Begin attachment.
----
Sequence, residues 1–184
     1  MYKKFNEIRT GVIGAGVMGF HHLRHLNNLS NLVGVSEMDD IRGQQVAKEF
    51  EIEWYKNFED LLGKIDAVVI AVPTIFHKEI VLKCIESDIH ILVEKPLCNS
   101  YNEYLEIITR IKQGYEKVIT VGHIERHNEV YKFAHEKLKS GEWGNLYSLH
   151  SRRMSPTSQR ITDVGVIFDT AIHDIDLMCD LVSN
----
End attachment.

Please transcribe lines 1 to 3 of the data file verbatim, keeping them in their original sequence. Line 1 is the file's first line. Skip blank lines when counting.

Sequence, residues 1–184
     1  MYKKFNEIRT GVIGAGVMGF HHLRHLNNLS NLVGVSEMDD IRGQQVAKEF
    51  EIEWYKNFED LLGKIDAVVI AVPTIFHKEI VLKCIESDIH ILVEKPLCNS